Sr Mary Helen Diosana, O.P. (1955-2021)
“…we look not to the things that are seen but to the things that are unseen; for the things that are seen are transient, but the things that are unseen are eternal.”
—2 Corinthians 4:18
When you look at the biography, the curriculum vitae, and especially the obituary of a religious, you see mainly one thing: a list of assignments or responsibilities. You see the names of places where they served, of offices held. But it remains a list—a list of beginnings and endings. What you do not see as clearly is what the religious brought to those assignments or apostolates. You do not see the impressions created, the hearts touched, the changed lives of the people whom the religious served. For that, you need to talk to the people whom he or she served. In Sr Mary Helen’s case, her last assignment was St Michael’s Abbey Convent, and specifically the kitchen of the Norbertine Fathers. It was there that most of us came to know her. In the words of her fellow sister, Sr Mary Alphonso, she was “kind, calm, understanding, and quiet, but with a sense of humor to make the sisters laugh.”
In between the bullet points of beginnings and endings and responsibilities, there arises what St Paul calls a “fragrance” or the “aroma” of Christ. “But thanks be to God, who in Christ always leads us in triumph, and through us spreads the fragrance of the knowledge of him everywhere. For we are the aroma of Christ to God among those who are being saved … a fragrance from life to life” (2 Cor 2: 14-16).
Last week before the Lord called Sr Mary Helen home to Himself, I already had a very special kind of fragrance on my mind: fresh, aromatic basil. I had already been thinking a lot about her patroness St Helen (or Helena) in preparation for a homily for the feast of the Exaltation of the Holy Cross at the Armenian Catholic Cathedral where I celebrate the Divine Liturgy on Sundays. Of course it was St Helena, the mother of the emperor Constantine, who found the relics of the Holy Cross in Jerusalem in the early fourth century. The true cross had been buried for safekeeping during the times of persecution and she found the place of its burial overgrown with sweet, aromatic basil. In the eastern churches there is a special blessing of basil leaves or plants on this feastday.
And so when the Bridegroom came for Sr Helen I thought the image of sweet, aromatic basil concealing a cross was just about the perfect image for her. Beneath the sweet basil of Sr Helen’s personality, there was the cross. She always had poor health that required a lot of tiring maintenance. And yet looking at her life as a religious, we see that poor health did little to hold her back: a long list of schools from Roxas City (on the island of Panay) to Gallup, NM and Wyoming, at each of which she spread the fragrance of Christ. She taught young ladies who, inspired by her example, eventually became Rosarian Dominican Sisters (such as Sr Mary Martha), and was also involved in the formation of the Sisters under temporary vows. With cross in tow, she served the Lord and young people for her entire religious life, spreading everywhere she went the “fragrance of the knowledge of Christ.” If we do not always see the full fruit produced in the life of a religious, there is yet an unmistakable fragrance that cannot be concealed.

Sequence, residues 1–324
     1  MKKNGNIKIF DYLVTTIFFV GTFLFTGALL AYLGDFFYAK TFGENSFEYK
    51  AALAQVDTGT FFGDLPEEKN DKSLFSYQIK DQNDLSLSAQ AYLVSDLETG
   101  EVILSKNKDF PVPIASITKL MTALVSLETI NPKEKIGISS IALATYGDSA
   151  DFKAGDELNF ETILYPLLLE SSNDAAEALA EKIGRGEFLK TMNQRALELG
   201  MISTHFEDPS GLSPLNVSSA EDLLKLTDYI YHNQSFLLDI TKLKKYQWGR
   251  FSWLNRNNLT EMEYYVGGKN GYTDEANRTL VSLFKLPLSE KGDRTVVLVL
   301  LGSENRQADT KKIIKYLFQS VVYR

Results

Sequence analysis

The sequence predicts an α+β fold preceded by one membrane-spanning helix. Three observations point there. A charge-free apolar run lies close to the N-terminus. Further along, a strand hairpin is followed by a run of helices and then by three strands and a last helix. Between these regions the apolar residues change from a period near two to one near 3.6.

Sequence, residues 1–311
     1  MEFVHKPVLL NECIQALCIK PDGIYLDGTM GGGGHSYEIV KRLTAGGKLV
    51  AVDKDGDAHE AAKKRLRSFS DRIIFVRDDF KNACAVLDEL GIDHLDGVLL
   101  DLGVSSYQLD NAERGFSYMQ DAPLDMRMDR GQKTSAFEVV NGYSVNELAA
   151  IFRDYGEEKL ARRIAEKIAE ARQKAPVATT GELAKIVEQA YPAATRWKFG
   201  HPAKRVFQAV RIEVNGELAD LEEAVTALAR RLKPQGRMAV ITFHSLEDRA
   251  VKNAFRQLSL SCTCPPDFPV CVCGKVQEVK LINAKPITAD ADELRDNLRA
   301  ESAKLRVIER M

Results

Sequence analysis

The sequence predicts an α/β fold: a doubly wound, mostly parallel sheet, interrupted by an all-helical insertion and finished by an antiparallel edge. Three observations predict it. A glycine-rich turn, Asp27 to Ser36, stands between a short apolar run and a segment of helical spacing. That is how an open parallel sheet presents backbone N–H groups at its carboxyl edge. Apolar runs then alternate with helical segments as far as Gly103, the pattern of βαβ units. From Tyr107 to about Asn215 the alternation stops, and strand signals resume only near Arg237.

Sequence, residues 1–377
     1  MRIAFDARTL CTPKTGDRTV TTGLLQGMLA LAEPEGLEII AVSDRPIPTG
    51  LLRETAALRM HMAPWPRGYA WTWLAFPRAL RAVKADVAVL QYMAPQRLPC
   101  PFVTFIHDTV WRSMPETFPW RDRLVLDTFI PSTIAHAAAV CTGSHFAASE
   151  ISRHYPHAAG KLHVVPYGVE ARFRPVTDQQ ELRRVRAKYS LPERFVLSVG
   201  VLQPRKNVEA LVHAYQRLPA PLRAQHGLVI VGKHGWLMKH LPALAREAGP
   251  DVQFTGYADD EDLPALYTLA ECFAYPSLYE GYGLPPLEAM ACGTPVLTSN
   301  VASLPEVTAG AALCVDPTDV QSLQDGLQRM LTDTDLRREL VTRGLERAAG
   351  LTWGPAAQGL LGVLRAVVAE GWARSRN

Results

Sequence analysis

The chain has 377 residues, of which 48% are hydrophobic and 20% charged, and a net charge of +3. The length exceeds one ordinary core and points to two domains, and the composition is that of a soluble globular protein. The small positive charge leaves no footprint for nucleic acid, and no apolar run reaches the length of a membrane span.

There is something else we cannot see: the inner self being renewed day by day (cf. 2 Cor 4:16). You do not see the soul keeping vigil for her Lord. God alone sees that. And God alone decides when the vigil has gone on long enough and it is time for Him to come as both Bridegroom and Thief and escort her quickly into the marriage feast. All of the ten virgins are identical until the arrival of the Bridegroom shows their wisdom or folly. The wise know that His delay is not unforeseen, but calculated. It is exact, precise, and personal. And just as calculated is His coming, sometimes very quick in those cases when the Lord grows impatient for a certain soul. The wise know that the Lord’s ETA is always. And our estimated time of departure is any time.
What produces the aroma of Christ in a religious, the ingredients of the fragrance, is an external gentleness and sweetness combined with a private carrying of the cross. Together, they signal a heart wide awake in keeping vigil. When the Lord came for Sr Mary Helen, He did not knock. Others of us knocked, but the Divine Thief had already come and snatched her away. He passed through a closed door, as you would expect a Resurrected Master Thief to do! And He was neither too early nor too late.
And what seems like an ending is really the ultimate beginning. She was found “asleep,” in the posture of one who has been called to enter into the Lord’s rest: “In peace I will both lie down and sleep; for thou alone, O Lord, makest me dwell in safety” (Ps 4:8). May Sr Mary Helen indeed dwell in safety with the Lord, now and forever, where there are neither beginnings nor endings, but only the endless increase of life and love.
We can say that a feast day like today is one much needed in this contemporary world, a day on which the liturgy expounds Catholic doctrine concerning the angels, an exposition which will be continue and be completed in the near future with the celebration of the feast of the guardian angels.
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